Roger Federer turns 40 on Sunday with his storied career, which has yielded 20 Grand Slams, a multi-million-dollar fortune and an army of fans who treat the Swiss star with saintly reverence, at a crossroads.

Federer has only played 13 matches in 2021 and managed just six in the pandemic-hit 2020 campaign when he underwent two knee surgeries.

He withdrew from this year’s French Open after reaching the fourth round and was knocked out in the quarter-finals of Wimbledon, a tame 6-3, 7-6 (7/4), 6-0 loss to Poland’s Hubert Hurkacz.

That defeat was only Federer’s 14th at the All England Club in 119 matches, and the first time he had been beaten in the tournament in straight sets since a first-round exit at the hands of Mario Ancic in 2002.

It was also the first time he had lost a set 6-0 at Wimbledon and just the third time at a Slam.

“I don’t know. I’ve got to regroup,” said Federer when asked if his Wimbledon career was over.

The signs since then have not been encouraging.

He skipped the Olympics in Tokyo in a bid to be fresh for the North American hardcourt season where he won the last of his five US Opens in 2008.

On Thursday, however, he withdrew from the Toronto and Cincinnati Masters, key warm-up events for the US Open.

Federer captured his most recent major at the 2018 Australian Open. He was already well past 36 and the second oldest man to clinch a Slam title

Since then, Novak Djokovic has claimed eight more majors and old rival Rafael Nadal has picked up four. Both now stand level on 20 with Federer.

Should Federer be preparing to bow out after 23 years on tour, he will leave behind a career decorated by 103 titles — only Jimmy Connors with 109 has more — a combined 310 weeks at number one and more than $130 million in prize money alone.

Federer’s net worth was estimated in 2019 at $450 million and such is the cash-register recognition of the brand that in 2018, he penned a 10-year, $300 million deal with clothing manufacturer Uniqlo.

In his prime, Federer left opponents bamboozled.

“I threw the kitchen sink at him but he went to the bathroom and got his tub,” sighed an exhausted Andy Roddick after losing the 2004 Wimbledon final.

It wasn’t always smooth progress.

When he was just 19, Federer famously defeated personal hero Pete Sampras at Wimbledon in 2001.

Twelve months later, however, he exited Wimbledon in the first round.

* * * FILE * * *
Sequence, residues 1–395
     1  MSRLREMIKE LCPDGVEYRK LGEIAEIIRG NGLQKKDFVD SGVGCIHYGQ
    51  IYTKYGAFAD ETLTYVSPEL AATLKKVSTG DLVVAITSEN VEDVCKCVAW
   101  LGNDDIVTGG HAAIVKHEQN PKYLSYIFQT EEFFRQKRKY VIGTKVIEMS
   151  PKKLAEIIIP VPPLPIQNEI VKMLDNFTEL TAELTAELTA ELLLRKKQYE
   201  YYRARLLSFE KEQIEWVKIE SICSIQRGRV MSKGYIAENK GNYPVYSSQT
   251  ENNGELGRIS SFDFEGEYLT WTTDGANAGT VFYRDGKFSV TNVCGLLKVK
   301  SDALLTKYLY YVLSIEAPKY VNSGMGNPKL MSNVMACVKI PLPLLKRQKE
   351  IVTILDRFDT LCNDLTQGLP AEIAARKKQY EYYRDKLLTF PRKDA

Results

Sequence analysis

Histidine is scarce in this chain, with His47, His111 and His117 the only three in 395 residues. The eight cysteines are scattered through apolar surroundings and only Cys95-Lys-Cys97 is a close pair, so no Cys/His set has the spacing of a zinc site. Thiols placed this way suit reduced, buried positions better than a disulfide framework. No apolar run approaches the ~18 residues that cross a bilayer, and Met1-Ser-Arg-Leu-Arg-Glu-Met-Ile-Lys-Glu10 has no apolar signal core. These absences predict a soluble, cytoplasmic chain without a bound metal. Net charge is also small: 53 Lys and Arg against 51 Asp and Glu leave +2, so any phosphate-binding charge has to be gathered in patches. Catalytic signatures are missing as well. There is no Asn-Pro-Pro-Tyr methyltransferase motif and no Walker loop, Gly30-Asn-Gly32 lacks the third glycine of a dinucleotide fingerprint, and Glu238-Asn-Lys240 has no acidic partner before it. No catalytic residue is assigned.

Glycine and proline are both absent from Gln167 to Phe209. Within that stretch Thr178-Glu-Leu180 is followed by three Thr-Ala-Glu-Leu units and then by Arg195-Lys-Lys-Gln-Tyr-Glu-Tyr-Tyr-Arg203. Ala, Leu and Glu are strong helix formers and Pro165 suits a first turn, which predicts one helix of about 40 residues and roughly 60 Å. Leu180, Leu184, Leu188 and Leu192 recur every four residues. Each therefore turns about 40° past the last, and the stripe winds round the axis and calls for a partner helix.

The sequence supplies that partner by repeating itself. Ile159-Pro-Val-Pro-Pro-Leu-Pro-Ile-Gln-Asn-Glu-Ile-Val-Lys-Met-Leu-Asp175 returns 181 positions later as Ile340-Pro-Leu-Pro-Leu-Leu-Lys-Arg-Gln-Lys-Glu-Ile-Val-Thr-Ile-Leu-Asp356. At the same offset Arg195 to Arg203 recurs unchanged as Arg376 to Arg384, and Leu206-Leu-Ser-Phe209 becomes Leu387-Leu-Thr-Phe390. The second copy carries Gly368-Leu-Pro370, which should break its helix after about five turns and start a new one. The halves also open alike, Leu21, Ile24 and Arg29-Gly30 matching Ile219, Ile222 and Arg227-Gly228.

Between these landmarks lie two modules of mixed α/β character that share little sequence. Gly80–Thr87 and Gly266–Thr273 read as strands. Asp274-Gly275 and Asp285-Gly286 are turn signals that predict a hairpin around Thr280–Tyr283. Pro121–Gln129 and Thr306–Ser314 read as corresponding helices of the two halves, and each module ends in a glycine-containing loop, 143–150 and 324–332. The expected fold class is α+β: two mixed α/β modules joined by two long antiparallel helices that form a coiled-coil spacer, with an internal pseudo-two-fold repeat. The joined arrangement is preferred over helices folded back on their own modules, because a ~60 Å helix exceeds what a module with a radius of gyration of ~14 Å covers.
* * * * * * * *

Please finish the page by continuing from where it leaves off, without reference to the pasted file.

It took a personal tragedy for him to press the reset.

Just when he turned 21, his coach and close friend from his formative years Peter Carter was killed in a car crash in South Africa.

From that point on, the multi-lingual Federer committed himself to winning in style, no longer consumed by his inner demons.

– Great rivals –

Born on August 8, 1981 in Basel, to Swiss father Robert and South African mother Lynette, Federer started playing tennis at eight.

Turning pro in 1998, he won his first ATP title in Milan in 2001.

It had been after the first of his five Australian Opens in 2004 that he claimed the world number one ranking for the first time.

Federer now has eight Wimbledons, six Australian Open, five US Opens and a single Roland Garros.

He has 28 Masters, a 2008 Olympic doubles gold medal with close friend Stan Wawrinka and a Davis Cup victory for Switzerland in 2014.

Had he not competed in the same era as Nadal and Djokovic, his trophy collection may have been more impressive.

However, Nadal, who has forged a close bond with Federer, enjoys a 24-16 head-to-head advantage.

Against Djokovic, with whom dealings have never been as cordial, Federer trails 27-23.

They shared history in 2019 when the Serb triumphed in the longest ever Wimbledon final, just three minutes short of five hours.

Heartbreakingly for Federer, he squandered two championship points.

Federer’s stunning longevity has seen him play 119 matches at Wimbledon (105 wins/14 losses), 117 in Melbourne (102/15), 103 at the US Open (89/14) and 90 at Roland Garros (73/17).

On the eve of his shattering defeat to Djokovic in the 2019 Wimbledon final, Federer said he had not set any date for retiring.

“It’s just discussions I always have with my wife about the family, about my kids, is everybody happy on tour, are we happy to pack up and go on tour for five, six, seven weeks. Are we willing to do that?,” he said.

“For the time being, it seems like absolutely no problem, which is wonderful.”

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